I don't feel a need for you to delete your B&W version of my photograph.  That being said, it's a color shot, for the record, and I hope I've conveyed my reasons behind that.  But the presence of your version does serve to illustrate both of our points by allowing a comparison for others to consider.   The question of whether any given photograph should remain in color or not is deep water.  And well worth exploring in a major thread about color street photography. -Joe

Edited by Joe Cunningham

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One other thing: you stated that "I think the hair adds a halo-effect in the B&W image."  I respectfully disagree.  I think that the halo stands out more in the color version because it is has more red going on in it than the bright region of the sidewalk directly under her arms.  In the B&W version the two bright areas are both the same color (white) and cancel each other out.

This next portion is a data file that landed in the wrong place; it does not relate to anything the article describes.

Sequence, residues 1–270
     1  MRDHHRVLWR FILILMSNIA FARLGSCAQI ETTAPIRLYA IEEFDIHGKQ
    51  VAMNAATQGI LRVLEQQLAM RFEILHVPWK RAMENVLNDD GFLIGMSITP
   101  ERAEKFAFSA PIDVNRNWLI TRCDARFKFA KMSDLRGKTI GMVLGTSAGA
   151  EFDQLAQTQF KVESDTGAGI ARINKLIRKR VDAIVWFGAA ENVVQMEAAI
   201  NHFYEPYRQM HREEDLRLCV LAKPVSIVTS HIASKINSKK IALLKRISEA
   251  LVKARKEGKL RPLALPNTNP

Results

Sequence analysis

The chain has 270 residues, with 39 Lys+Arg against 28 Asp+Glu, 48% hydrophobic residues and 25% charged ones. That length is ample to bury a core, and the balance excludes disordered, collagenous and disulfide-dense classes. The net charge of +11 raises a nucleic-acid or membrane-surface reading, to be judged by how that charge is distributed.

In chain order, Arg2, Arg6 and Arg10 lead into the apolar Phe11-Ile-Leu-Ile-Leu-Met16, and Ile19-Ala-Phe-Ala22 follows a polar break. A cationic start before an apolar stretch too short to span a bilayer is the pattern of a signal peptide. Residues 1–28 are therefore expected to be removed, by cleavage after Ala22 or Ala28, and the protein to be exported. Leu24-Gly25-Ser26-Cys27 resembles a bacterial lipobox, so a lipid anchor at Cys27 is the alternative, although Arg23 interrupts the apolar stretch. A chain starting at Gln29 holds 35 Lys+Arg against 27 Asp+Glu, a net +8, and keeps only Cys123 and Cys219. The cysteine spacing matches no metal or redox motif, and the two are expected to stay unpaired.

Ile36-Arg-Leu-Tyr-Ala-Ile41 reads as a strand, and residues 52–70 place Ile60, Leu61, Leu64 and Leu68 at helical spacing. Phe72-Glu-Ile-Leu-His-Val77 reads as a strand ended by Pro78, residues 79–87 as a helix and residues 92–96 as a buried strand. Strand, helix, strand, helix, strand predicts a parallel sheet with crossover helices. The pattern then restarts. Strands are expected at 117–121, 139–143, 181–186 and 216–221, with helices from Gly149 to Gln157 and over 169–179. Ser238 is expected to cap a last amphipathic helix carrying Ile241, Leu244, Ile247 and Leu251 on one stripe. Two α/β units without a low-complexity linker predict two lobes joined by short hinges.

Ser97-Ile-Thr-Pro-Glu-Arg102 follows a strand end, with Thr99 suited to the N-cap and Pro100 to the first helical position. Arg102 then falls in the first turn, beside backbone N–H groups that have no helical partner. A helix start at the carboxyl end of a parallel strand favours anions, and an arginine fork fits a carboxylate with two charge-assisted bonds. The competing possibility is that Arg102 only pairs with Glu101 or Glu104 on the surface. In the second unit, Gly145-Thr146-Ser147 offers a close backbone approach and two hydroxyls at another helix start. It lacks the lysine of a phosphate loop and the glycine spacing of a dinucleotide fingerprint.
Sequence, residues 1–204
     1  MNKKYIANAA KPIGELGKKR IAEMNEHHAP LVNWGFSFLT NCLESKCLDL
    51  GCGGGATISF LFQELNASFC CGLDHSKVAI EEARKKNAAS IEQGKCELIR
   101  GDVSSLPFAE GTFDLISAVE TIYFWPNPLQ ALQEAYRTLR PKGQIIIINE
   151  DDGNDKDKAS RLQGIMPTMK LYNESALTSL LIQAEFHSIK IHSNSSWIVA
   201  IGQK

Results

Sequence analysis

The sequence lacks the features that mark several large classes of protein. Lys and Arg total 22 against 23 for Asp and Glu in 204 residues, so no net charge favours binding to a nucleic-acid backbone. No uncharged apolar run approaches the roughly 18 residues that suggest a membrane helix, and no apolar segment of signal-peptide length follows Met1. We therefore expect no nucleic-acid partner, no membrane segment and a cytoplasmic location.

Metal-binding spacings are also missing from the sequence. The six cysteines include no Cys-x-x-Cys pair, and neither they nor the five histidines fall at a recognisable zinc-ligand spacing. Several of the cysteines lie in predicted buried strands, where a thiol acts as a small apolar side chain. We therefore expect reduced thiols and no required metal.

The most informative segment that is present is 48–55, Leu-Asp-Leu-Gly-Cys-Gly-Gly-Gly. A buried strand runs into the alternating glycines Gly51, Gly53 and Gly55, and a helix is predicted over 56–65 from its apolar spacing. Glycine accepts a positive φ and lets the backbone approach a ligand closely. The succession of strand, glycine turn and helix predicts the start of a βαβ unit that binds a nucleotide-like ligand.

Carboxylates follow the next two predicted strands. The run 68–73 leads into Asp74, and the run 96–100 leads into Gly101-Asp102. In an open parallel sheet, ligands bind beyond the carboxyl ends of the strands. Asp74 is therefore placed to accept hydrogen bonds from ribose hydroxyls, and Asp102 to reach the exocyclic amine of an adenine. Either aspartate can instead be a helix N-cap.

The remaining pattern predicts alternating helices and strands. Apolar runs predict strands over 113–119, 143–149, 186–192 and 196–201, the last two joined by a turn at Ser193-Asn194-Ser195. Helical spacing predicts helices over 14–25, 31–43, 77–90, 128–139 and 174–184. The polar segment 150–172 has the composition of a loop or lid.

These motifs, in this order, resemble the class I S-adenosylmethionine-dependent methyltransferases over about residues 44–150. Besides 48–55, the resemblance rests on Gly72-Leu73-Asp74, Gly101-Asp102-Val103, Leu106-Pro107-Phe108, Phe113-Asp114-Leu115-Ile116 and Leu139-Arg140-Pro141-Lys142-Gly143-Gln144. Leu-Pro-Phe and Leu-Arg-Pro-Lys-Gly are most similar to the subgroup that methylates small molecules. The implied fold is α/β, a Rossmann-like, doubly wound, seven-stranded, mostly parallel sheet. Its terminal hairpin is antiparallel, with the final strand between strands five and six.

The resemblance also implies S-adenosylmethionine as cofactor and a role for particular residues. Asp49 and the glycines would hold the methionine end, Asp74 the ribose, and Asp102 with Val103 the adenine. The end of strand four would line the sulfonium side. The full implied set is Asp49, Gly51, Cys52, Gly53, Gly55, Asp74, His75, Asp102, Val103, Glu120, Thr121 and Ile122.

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My photography is not a constitutional republic.  It's one man, one vote: mine.  Though I do get a big grin out someone taking the newbie's side.  Very cool of you, sir! ;)

 

 

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16 minutes ago, Joe Cunningham said:

My photography is not a constitutional republic.  It's one man, one vote: mine.  Though I do get a big grin out someone taking the newbie's side.  Very cool of you, sir! ;)

Ah - but you raised the dilemma: colour vs B&W.  Whatever else - an interesting subject.

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5 minutes ago, jaapv said:

Ah - but you raised the dilemma: colour vs B&W.  Whatever else - an interesting subject.